Morpeth, Northumberland facts for kids
View of Morpeth Court House
|OS grid reference|
|Sovereign state||United Kingdom|
|EU Parliament||North East England|
Morpeth is a historic market town in the north-east of England, lying on the River Wansbeck. Nearby villages include Mitford and Pegswood. In the 2011 census, the population of Morpeth was given as 14,017, up from 13,833 in the 2001 census.
The name literally means 'murder path', though the incident that gave rise to this grisly appellation is no longer known.
Morpeth grew up at an important crossing point of the River Wansbeck. Remains from prehistory are scarce, but the earliest evidence of occupation found is a stone axe thought to be from the Neolithic period. There is a lack of evidence of activity during the Roman occupation of Britain, although there were probably settlements in the area at that time. In the final stages of the Norman conquest, the military occupation following the Harrying of the North delivered the town into the possession of the de Merlay family, and by 1095 a motte-and-bailey castle had been built to be the headquarters of the Ward of Morpeth. Newminster Abbey was founded in 1138 by Ranulf de Merlay, lord of Morpeth, and his wife, Juliana, daughter of Gospatric II, Earl of Lothian, as one of the first daughter houses of Fountains Abbey. The town became a borough by prescription. King John granted a market charter for the town to Roger de Merlay in 1199. The market is still held on Wednesdays. The town was badly damaged by fire in 1215 during the First Barons' War. In the 13th century a stone bridge was built over the Wansbeck, replacing the ford previously in use. Morpeth Castle was built in the 14th century by Ranulph de Merlay on the site of an earlier fortress; only the gatehouse, which was restored by the Landmark Trust in 1990, and parts of the ruined castle walls remain.
In 1540 Morpeth was described by the royal antiquary John Leland, as "long and metely well-builded, with low houses", and as "a far fairer town than Alnwick". During the 1543–50 war of the Rough Wooing, life in Morpeth was disturbed by a garrison of Italian mercenaries, who "pestered such a little street standing in the highway" by killing deer and withholding payment for food.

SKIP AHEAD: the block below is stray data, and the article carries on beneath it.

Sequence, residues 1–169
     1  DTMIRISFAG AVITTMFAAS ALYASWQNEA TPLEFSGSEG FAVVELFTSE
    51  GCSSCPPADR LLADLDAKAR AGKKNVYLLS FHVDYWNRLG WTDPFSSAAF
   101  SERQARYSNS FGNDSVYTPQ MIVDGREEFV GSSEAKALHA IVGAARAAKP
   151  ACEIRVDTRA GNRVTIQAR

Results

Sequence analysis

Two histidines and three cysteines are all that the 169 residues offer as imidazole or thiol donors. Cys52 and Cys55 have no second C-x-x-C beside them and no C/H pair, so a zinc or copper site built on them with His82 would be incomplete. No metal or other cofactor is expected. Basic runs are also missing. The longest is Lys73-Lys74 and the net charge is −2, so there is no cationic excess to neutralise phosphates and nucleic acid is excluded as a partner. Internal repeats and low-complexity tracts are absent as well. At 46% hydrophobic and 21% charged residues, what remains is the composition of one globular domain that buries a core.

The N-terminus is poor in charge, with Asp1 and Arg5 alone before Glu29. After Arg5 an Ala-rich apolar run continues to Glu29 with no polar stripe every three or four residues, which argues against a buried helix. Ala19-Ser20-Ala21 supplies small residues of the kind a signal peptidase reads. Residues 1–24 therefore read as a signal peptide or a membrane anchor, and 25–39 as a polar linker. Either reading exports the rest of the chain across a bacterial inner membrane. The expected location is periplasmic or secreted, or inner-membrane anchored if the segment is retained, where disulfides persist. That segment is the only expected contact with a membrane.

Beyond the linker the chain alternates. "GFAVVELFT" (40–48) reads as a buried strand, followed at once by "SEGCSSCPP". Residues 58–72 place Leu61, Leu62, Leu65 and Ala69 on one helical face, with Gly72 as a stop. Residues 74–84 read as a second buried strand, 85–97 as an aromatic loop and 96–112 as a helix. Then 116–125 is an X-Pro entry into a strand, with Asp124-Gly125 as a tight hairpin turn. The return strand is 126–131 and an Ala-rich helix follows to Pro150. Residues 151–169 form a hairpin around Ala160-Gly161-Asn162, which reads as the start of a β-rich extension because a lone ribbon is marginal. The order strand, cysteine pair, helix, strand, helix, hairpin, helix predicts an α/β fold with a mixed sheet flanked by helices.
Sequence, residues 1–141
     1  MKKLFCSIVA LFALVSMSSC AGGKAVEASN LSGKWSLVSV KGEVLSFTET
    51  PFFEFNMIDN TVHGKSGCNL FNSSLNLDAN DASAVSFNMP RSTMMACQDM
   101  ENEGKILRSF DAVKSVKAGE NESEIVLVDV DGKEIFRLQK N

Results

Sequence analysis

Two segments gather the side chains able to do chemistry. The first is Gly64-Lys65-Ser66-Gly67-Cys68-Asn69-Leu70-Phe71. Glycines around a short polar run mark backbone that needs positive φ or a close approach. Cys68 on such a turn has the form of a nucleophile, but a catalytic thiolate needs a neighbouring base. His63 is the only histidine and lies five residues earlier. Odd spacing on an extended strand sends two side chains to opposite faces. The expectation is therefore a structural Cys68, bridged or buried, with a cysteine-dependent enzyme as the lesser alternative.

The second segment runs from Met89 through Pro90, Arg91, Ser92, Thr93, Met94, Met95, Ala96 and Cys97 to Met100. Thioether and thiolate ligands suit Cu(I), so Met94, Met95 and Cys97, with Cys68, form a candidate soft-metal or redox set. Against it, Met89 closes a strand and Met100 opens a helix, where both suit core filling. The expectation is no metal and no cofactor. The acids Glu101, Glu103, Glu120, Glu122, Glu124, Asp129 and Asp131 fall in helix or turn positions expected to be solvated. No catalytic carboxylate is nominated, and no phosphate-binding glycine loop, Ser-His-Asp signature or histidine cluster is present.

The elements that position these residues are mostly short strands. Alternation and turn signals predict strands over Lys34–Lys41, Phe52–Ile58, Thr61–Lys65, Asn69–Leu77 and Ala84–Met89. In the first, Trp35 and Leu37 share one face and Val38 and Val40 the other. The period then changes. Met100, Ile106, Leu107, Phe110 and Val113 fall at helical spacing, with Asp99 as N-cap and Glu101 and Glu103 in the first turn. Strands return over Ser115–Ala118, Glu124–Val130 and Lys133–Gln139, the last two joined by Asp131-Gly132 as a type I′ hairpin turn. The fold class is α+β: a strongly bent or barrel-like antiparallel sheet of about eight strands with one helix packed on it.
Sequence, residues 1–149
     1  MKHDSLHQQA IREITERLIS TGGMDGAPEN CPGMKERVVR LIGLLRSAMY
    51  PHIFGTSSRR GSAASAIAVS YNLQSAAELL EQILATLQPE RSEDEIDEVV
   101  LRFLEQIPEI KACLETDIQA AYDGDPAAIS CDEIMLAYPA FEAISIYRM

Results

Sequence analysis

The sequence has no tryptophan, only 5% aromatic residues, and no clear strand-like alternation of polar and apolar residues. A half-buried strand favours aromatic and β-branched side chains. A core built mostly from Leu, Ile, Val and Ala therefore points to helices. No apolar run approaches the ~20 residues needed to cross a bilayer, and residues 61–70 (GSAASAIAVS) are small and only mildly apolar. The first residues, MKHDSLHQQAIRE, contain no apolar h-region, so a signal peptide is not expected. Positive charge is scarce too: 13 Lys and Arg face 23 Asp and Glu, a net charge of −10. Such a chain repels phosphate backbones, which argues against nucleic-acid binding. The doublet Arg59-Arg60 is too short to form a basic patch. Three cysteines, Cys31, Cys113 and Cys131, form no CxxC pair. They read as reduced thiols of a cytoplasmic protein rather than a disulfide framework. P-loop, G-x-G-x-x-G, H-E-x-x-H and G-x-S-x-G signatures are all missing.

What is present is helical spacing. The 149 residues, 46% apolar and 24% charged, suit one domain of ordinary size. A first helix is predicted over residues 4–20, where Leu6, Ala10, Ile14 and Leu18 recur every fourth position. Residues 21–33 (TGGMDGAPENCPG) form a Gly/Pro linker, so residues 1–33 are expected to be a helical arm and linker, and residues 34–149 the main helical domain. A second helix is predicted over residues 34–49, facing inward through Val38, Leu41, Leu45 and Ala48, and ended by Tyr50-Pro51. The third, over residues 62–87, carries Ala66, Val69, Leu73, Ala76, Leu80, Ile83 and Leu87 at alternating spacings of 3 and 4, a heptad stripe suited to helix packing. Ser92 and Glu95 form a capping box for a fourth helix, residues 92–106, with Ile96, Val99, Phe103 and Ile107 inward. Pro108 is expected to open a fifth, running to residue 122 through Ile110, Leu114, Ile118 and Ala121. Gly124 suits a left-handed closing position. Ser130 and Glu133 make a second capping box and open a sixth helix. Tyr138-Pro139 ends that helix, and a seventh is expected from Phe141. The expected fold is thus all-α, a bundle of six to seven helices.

In 1552, William Hervey, Norroy King of Arms, granted the borough of Morpeth a coat of arms. The arms were the same as those of Roger de Merlay, but with the addition of a gold tower. In the letters patent, Hervey noted that he had included the arms of the "noble and valyaunt knyght ... for a p'petuall memory of his good will and benevolence towardes the said towne".
Morpeth received its first charter of incorporation from Charles II. The corporation it created was controlled by seven companies or trade guilds : the Merchant Tailors, the Tanners, the Fullers and Dyers, the Smiths, the Cordwainers, the Weavers and the Butchers. This remained the governing charter until the borough was reformed by the Municipal Corporations Act 1835.
Until the 19th century Morpeth had one of the main markets in Northern England for live cattle. The opening of the railways made transport to Newcastle easier, and the market accordingly declined.
During the Second World War, RAF Morpeth opened at nearby Tranwell and was a notable air-gunnery training school.
The town and the county's history and culture are celebrated at the annual Northumbrian Gathering.
Like the rest of the British Isles, Morpeth has a maritime climate with cool summers and mild winters. There is a Met Office weather station providing local climate data at Cockle Park, a short distance to the north of the town.
|Climate data for Morpeth, Cockle Park 95m asl, 1971–2000, Extremes 1960–|
|Record high °C (°F)||13.8
|Average high °C (°F)||6.0
|Average low °C (°F)||0.7
|Record low °C (°F)||-12.0
|Precipitation mm (inches)||59.77
|Source: Royal Dutch Meteorological Institute/KNMI|
On 6 September 2008, Morpeth suffered its worst flood since 1963. The flood defences were breached after a month's rainfall fell in 12 hours. An estimated 1,000 homes were affected.
In September 2012, flooding occurred again, causing damage to properties, although floodwaters were reportedly 3 feet (1 m) shallower than in 2008.
The A1 road provides a link to Edinburgh and Newcastle. Morpeth railway station has direct trains to London taking a little over three hours. Morpeth has what is reputed to be the severest curve on any main railway line in Britain which has been the scene of several train crashes over the years.
Church of England
The ancient Church of England parish church of Morpeth is St Mary's at Highchurch. The oldest remaining parts of the structure belong to the Transitional Early English style of the mid to late 12th century. The church, which was the only Anglican place of worship in the area until the 1840s, has been restored on a number of occasions.